Customer Perception: How To Measure & Improve It To Create a Positive Customer Perception?
What is the customer perception of your brand? Are you monitoring it?
Sometimes it can be tricky to understand how customers perceive your product since it’s subjective and differs from user to user. However, customers’ perception is one the most critical factors that impact acquisition, retention, and customer loyalty.
In this article, we’ll discuss what key factors influence customer perception and how you can measure and improve it through your in-product communication efforts.
- Customer perception sums up the feelings, beliefs, and opinions that customers have about your product.
- Good customer perception improves the overall success of your business, enhances your brand image, ensures repeat purchases, and increases customer satisfaction and loyalty.
- Five key factors that influence customer perception are product marketing and digital ads, company values and culture, customer support, product quality, and online reviews.
- The three stages of the customer perception process are sensing, organizing, and reacting.
- Some of the best ways to collect user feedback and measure customer perceptions are CSAT surveys, CES surveys, NPS surveys, brand mentions and social media channels, and user interviews.
- To improve your product’s perceived value, provide stellar customer service, share customer success stories and testimonials, address negative perceptions quickly, reward loyal customers, and set the right expectations from the very beginning.
What is customer perception?
Customer perception refers to the feelings, beliefs, and opinions that customers have about your product and brand. This perception is formed through each interaction they’ve had with your brand at every stage of the customer journey.
Why is customer perception important?
A recent study by PWC found that 32% of customers will leave a product they love after only a single bad experience. This shows how crucial it is to provide a customer experience that lives up to their expectations.
- Good customer perception affects the overall success of your SaaS company: Customer perceptions impact your company’s bottom line. You might think that a single user leaving your product is a small matter. However, if they had received their perceived value, they could have upgraded or become a loyal user. Instead, they can now create a negative perception of your brand among other people they know.
- It impacts your brand image: People tend to face confirmation bias that makes them look for information that agrees with their preconceived beliefs. Thus, building a great brand image among your customers and prospects makes it easier to attract new users and retain loyal ones.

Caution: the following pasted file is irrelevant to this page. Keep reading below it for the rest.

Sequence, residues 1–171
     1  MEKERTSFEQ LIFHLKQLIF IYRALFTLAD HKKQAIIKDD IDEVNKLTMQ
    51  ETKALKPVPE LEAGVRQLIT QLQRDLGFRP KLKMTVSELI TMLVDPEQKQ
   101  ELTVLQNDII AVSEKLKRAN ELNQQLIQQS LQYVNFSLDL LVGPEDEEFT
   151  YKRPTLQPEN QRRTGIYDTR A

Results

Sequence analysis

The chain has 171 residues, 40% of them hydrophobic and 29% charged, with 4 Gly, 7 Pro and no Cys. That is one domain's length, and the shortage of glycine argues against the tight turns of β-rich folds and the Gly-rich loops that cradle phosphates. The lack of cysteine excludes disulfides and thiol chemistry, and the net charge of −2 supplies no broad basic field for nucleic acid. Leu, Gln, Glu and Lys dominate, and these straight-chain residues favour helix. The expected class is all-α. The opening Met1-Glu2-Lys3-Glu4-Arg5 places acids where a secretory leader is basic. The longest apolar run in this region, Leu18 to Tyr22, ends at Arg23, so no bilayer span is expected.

- It influences customers’ purchase decisions: You have to remember that each customer is a unique and complex character who will not be swayed simply by low prices and high quality. A poor user experience or customer service may cause them to churn. Therefore, you should improve their perceptions from all sides to motivate them to make repeat purchases.
- Customer loyalty and satisfaction are also highly influenced by customer perceptions: A positive perception helps build trust among the customers, which in turn, improves customer satisfaction and loyalty. Trust makes customers more likely to engage with your product and advocate for your brand.
What are the key factors that influence customer perception?
There’s an abundance of factors that shape customer perception. However, you need to focus on the 5 key ones.
Product marketing and digital ads
How your team positions your product in the market and communicates its value to consumers greatly impacts how they perceive your product. Your product marketing should address or create a market need to make a good impression.
Digital ads are an increasingly popular means of product marketing. It’s important to leave an impressive digital footprint so potential customers can come across your digital ads on various platforms on the Internet.
Company values and culture
According to a recent consumer culture report, 71% of consumers prefer using products from brands whose values align with theirs. If users perceive that your company has values that align with their own, they are more likely to sign up for your product.
Great customer support is a core factor when it comes to perceived value. A customer with a positive perception can quickly turn their back on you if something goes wrong with customer support.
Customer support should be a priority at every stage of the user journey, from pre-purchase to long after a user has become a loyal brand advocate. Consistently great support experience can help you retain more existing customers and gain new ones.